6. Stamp Duty
The government charges a tax based upon the property’s purchase price. This is called a country tax, and it is the equivalent of the Stamp Duty in the United Kingdom. This is a maximum of 2% of the purchase price charged at completion.
7. Notary Fee
The notary puts on public record that the title deed has been signed in their presence and understood by the parties concerned. The notary is further in charge of submitting the title deed with the other related documents of the transfer to the cadastral and the property register (land register).
The Notary will pay registration and state fees collected previously from the buyer.
Registration confirms you as the legal owner of the property and registers you at that address. The fee charged depends on the price of the property (See Stamp Duty).
8. House-hunting Expenses
Property-hunting can be quite a costly business. Expenses include money for travel to Bulgaria, hotels, and eating, and telephone calls.
9. Removal Fees (if not only a holiday home)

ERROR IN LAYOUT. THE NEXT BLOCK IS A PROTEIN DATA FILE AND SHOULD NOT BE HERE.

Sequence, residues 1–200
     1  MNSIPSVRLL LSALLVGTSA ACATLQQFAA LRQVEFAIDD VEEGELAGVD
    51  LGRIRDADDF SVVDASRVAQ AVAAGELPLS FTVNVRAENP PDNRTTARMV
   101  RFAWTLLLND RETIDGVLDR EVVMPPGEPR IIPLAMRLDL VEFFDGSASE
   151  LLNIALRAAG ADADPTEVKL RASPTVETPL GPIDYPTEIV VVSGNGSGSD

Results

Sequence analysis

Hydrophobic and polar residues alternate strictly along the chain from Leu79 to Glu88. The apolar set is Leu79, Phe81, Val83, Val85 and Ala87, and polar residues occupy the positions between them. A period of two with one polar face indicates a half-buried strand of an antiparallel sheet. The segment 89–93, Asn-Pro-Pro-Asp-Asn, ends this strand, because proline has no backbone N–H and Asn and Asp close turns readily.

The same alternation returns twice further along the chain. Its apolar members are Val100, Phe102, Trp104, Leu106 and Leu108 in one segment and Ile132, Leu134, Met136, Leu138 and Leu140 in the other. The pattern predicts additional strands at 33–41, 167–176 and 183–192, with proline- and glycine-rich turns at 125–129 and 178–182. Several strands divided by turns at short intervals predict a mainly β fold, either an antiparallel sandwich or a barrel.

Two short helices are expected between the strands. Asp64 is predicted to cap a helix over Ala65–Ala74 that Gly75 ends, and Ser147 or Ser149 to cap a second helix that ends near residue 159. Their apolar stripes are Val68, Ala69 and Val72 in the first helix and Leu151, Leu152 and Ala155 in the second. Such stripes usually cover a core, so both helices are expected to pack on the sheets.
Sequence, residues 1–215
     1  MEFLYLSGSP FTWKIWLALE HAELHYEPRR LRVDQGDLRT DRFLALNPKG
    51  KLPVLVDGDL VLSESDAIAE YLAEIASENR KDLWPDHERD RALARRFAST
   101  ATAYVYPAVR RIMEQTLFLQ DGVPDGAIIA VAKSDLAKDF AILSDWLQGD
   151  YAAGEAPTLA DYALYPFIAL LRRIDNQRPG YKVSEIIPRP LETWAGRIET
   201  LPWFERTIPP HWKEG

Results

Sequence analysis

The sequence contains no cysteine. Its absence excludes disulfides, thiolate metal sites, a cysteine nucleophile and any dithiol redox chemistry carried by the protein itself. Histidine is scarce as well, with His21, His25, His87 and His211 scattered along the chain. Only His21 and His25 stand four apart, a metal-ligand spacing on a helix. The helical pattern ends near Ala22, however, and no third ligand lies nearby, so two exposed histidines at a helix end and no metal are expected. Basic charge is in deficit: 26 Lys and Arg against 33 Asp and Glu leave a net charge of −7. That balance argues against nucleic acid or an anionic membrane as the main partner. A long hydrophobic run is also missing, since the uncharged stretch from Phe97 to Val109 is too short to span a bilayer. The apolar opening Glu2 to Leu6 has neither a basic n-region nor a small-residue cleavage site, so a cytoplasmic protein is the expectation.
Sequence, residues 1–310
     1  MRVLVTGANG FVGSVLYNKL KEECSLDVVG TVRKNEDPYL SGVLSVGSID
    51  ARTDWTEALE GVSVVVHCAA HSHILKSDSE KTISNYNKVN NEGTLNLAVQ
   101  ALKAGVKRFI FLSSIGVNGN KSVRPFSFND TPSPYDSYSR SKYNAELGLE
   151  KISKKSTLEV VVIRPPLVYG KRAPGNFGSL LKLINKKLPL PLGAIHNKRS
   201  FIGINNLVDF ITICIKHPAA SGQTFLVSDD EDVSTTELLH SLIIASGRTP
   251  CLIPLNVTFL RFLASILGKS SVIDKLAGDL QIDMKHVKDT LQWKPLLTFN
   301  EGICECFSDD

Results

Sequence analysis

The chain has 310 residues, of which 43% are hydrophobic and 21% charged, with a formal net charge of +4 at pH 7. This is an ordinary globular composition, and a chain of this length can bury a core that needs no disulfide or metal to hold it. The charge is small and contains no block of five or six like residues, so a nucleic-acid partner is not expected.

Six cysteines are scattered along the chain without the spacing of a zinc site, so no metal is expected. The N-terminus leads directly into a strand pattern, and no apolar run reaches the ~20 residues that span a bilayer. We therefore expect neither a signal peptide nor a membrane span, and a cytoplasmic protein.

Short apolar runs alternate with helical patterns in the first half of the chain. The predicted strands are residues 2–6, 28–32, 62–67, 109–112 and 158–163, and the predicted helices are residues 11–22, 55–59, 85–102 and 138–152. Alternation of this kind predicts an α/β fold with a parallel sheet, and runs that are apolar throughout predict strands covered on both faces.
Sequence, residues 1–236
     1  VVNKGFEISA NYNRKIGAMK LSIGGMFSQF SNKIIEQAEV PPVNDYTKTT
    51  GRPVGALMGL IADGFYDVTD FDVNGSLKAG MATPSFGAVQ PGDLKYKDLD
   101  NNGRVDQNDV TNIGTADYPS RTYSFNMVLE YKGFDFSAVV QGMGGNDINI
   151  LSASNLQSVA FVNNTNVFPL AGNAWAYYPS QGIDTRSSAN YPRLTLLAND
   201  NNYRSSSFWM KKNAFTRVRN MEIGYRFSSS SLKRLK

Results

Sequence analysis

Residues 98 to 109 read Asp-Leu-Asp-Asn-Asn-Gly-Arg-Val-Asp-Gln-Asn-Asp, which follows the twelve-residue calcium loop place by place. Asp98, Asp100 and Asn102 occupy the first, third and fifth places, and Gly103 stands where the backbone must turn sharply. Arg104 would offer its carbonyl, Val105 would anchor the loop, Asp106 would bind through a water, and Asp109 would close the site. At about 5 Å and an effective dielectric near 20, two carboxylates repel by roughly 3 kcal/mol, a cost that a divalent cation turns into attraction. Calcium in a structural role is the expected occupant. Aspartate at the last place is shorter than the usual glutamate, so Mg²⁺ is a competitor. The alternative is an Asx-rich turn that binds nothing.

Doing the removal yourself is time-consuming and stressful. If you decide to employ a company, ask around for quotes first.
Find a Property in Bulgaria
After calculating how much you can afford, you can start on the most exciting part of the property-buying process: selecting your future property.
But before you start spending your nights digging through piles of Bulgarian property websites and looking at estate agents’ brochures, it is advisable to sit down and think about what exactly you want. Property-hunting is exhausting and time-consuming, and you can save yourself a lot of work and energy by deciding on certain prerequisites before starting on the actual property search.
Choosing the location and the neighborhood